WIIAWO Issue #7: What if something bad happens (again)?

This week's "what if" is one that's difficult for me think about, but feels important to include: What if something bad happens (again)? In my experience, a lingering fear of having to go through a difficult event again is a common aspect of grief and trauma that I don’t often hear about.

Eight years ago, I lost my partner when we were in our late 20s. One of the aspects of grief that I still struggle with is the anxiety around something terrible like this happening again. This fear flares up whenever somebody doesn’t call or text me back, tells me that they’re feeling sick, is silently asleep, or in the bathroom for too long. In these situations, my mind often immediately goes to the worst-case scenario.

An illustration from Welcome to the Grief Club. Anyone else get really anxious when someone doesn’t text/call you back? 🙋🏻‍♀️

Similarly, I see others in my life struggle with continued anxiety around different kinds of hardships they've experienced: losing another job, the end of another relationship, having to move again, the return of a health condition, etc.

Being on high alert after experiencing trauma is common. But if sustained over time, it can take a toll. It’s exhausting and stressful to always be anticipating—and trying to prevent—the next bad thing.

1. Accept that there are always risks

We can’t keep everyone we love safe, even if we run ourselves into the ground trying to do so. We can't guarantee that a job or a relationship will work out, even if we mold ourselves into the "perfect" employee or partner. We can't safeguard against all sickness with exercise and diet.

What we can do—and what I've been trying to do—is to accept that there are always risks (ideally, I would embrace this fact but right now I'm settling for learning to tolerate it). We can accept that the world is full of potential discomforts and dangers, and that we can't anticipate and prevent those from happening no matter how vigilant or "good" we are.

Once we accept that we can't control future events, we can redirect our time and energy towards the things we can control, like ways to insert more joy, meaning, and rest into our present circumstances.

2. Focus on the facts

When I find myself worrying, I try to focus on the facts instead of my feelings. To do this, I ask myself a series of questions:

What behavior has triggered this worry?

They haven't texted me back. I'm afraid something bad is keeping them from texting back.

They put an untitled meeting on my calendar. I'm afraid I'm going to be fired.

Is there something about their behavior that is truly out of the norm?

No, they're often slow to reply.

Actually, I can think of a few times when they've scheduled surprised meetings for various reasons.

Are there likely scenarios that would explain their behavior?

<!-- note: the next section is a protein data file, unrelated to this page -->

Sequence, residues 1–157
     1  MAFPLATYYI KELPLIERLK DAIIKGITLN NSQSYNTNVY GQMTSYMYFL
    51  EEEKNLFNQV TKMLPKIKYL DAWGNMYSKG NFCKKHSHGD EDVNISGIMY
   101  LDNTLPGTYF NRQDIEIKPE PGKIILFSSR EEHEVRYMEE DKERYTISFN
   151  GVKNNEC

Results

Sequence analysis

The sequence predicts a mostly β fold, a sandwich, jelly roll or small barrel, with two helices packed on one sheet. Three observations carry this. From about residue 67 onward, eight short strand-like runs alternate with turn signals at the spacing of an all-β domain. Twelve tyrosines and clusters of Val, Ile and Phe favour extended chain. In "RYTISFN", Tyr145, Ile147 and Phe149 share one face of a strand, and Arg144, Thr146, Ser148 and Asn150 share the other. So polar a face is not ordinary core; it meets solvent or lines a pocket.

They often forget to charge their phone, so it may be out of battery.

They've been focused on our big launch event coming up next week; the meeting could be to talk about last-minute details for that.

Usually, I can come up with other likely alternatives for their behavior that are more grounded in what I know (They are at work. They regularly have meetings at work. They wouldn't be checking their phone in a meeting.) than what I fear (What if they fell down somewhere and can't call for help?) I remind myself that the most likely scenario is that everything is just fine.

Also, if I insist on speculating, what if they haven't texted me back because they're too busy planning my birthday party? What if the surprise meeting is for a promotion? What if, it all works out?

3. Stay in the present

Even when I run through these questions and there aren't any facts to validate my worry, I still worry! So while I'm waiting to find out what's actually happening, here are some things I do in the meantime to help manage the anxiety spiral and keep focused on the present rather than the intrusive "what ifs":

4. We will meet things as they come

The next bad thing will happen; it's inevitable. But worrying about if, how, and when it happens doesn't keep it from happening; it only cuts into how much we're able to take in and enjoy what we have now.

So, I'm doing my best to stay present and focus on what I can control: I can show up for those I care about and be intentional about the amount and quality of time we spend together. I can be thoughtful about the messages and products I put out into the world. I can get enough sleep and go on walks and do the things I know help me feel better mentally and physically now. For everything else that hasn't happened yet; I will meet them as they come.

In sum:

The most likely scenario is that everything is just fine.
Even if your worry is understandable, it does not a signal that something is actually wrong.
If something is wrong, as unlikely as that is, you will be able to deal with it when it comes.
Do you have your own story, experience, or advice about worrying about bad things happening (again)? I'd love to hear it! Just comment below.
P.S. I'm not a mental health professional, just someone who has been through some hard stuff and am sharing what it has been like and what has worked for me. If you're struggling, please seek professional help.

Leave a comment

All comments are moderated before being published